Ingredients of a Good Talk

It’s one of the hazards of physics that occasionally we have to attend talks about other people’s sub-fields.

Physics is a pretty heavily specialized field. It’s specialized enough that an otherwise perfectly reasonable talk can be totally incomprehensible to someone just a few sub-fields over.

I went to a talk this week on someone else’s sub-field, and was pleasantly surprised by how much I could follow. I thought I’d say a bit about what made it work.

In my experience, a good talk tells me why I should care, what was done, and what we know now.

Most talks start with a Motivation section, covering the why I should care part. If a talk doesn’t provide any motivation, it’s assuming that everyone finds the point of the research self-evident, and that’s a risky assumption.

Even for talks with a Motivation section, though, there’s a lot of variety. I’ve been to plenty of talks where the motivation presented is very sketchy: “this sort of thing is important in general, so we’re going to calculate one”. While that’s technically a motivation, all it does for an outsider is to tell them which sub-field you’re part of. Ideally, a motivation section does more: for a good talk, the motivation should not only say why you’re doing the work, but what question you’re asking and how your work can answer it.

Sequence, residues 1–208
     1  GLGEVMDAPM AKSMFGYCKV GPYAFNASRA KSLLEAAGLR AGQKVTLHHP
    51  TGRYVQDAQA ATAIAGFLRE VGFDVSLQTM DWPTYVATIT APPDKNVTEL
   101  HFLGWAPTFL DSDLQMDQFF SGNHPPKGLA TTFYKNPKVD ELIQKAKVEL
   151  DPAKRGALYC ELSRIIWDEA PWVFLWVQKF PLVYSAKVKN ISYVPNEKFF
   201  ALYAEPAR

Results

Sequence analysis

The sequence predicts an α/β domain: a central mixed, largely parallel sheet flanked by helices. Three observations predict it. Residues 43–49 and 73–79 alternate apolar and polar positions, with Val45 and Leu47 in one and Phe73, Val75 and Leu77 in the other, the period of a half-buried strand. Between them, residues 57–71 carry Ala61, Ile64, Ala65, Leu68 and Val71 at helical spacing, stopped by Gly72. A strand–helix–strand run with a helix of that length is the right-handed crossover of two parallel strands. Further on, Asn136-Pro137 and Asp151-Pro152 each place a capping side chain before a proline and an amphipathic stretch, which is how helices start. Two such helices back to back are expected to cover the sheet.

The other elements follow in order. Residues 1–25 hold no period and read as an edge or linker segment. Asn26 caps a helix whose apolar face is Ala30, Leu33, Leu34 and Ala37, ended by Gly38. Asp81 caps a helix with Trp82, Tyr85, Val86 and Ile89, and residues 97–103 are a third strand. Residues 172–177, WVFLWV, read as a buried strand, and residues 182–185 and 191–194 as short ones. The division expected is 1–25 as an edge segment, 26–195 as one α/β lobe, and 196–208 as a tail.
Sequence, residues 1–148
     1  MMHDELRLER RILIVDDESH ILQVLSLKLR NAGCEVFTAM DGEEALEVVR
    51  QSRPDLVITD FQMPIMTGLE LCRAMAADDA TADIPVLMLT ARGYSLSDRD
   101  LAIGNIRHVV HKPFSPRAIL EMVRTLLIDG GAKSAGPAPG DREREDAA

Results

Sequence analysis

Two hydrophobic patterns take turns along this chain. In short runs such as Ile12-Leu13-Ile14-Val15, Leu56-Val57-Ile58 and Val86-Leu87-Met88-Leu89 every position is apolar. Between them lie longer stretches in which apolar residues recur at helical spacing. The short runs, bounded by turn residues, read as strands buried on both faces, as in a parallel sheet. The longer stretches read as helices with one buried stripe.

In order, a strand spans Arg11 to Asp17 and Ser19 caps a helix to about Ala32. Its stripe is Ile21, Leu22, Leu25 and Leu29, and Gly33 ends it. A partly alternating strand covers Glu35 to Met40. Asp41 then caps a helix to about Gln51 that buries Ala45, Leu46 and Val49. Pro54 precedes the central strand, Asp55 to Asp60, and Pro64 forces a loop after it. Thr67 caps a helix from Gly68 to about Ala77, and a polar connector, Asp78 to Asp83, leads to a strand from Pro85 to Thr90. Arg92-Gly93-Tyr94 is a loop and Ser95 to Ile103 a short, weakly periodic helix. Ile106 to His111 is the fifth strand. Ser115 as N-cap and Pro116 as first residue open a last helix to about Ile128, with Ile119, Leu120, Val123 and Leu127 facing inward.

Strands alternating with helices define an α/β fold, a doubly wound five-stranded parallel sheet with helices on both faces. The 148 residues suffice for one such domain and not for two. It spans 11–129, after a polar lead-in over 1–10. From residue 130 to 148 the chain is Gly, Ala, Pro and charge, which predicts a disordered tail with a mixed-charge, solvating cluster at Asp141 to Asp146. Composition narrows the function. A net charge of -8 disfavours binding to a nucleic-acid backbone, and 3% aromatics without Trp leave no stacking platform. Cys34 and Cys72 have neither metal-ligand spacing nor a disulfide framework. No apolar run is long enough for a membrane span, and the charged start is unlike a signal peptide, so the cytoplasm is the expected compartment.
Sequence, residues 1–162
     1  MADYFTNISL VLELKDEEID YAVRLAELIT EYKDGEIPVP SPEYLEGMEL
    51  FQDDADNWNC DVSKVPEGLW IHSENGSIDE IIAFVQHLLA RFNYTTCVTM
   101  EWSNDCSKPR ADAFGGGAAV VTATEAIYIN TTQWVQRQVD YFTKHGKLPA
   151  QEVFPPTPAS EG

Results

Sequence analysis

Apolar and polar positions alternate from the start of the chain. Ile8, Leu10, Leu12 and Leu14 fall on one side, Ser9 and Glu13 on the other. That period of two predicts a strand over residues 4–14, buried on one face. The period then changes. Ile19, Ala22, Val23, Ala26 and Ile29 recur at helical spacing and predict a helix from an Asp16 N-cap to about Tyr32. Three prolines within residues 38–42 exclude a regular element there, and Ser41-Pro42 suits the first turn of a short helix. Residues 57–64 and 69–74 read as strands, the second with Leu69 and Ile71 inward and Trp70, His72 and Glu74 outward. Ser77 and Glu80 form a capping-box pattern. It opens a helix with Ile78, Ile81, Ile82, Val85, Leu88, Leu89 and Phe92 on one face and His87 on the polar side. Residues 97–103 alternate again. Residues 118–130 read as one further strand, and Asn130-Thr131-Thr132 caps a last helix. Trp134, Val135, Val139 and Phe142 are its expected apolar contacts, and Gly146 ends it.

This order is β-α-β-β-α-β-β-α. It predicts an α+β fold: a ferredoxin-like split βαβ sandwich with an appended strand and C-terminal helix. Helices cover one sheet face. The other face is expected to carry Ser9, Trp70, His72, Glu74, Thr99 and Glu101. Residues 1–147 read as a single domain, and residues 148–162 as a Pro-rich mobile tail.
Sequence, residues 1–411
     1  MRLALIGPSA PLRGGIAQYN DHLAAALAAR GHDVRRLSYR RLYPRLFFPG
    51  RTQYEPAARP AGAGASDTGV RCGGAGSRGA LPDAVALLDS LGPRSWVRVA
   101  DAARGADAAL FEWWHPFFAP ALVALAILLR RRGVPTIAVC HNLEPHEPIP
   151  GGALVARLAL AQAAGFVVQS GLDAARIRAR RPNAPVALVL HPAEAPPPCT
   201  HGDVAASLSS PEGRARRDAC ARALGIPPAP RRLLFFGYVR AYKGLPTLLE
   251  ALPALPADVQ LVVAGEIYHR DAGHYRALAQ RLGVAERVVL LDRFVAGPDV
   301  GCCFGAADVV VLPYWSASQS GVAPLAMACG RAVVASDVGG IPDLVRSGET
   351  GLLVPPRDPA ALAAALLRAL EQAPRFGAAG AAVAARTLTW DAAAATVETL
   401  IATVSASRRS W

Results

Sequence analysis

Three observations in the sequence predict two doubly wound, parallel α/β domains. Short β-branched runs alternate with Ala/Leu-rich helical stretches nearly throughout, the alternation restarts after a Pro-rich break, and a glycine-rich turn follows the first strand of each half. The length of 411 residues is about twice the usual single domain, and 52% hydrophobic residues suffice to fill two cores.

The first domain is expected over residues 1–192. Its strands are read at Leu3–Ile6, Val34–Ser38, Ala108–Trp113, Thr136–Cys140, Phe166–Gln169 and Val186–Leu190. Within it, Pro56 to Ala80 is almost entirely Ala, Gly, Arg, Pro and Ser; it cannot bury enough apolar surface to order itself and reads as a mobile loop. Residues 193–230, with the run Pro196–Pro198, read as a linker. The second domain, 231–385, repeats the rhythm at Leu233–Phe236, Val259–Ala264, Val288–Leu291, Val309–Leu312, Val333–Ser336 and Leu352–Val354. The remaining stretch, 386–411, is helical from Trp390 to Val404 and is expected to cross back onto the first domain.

The bulk of any talk covers what was done, but here there’s also varying quality. Bad talks often make it unclear how much was done by the presenter versus how much was done before. This is important not just to make sure the right people get credit, but because it can be hard to tell how much progress has been made. A good talk makes it clear not only what was done, but why it wasn’t done before. The whole point of a talk is to show off something new, so it should be clear what the new thing is.

If those two parts are done well, it becomes a lot easier to explain what we know now. If you’re clear on what question you were asking and what you did to answer it, then you’ve already framed things in those terms, and the rest is just summarizing. If not, you have to build it up from scratch, ending up with the important information packed in to the last few minutes.

This isn’t everything you need for a good talk, but it’s important, and far too many people neglect it. I’ll be giving a few talks next week, and I plan to keep this structure in mind.

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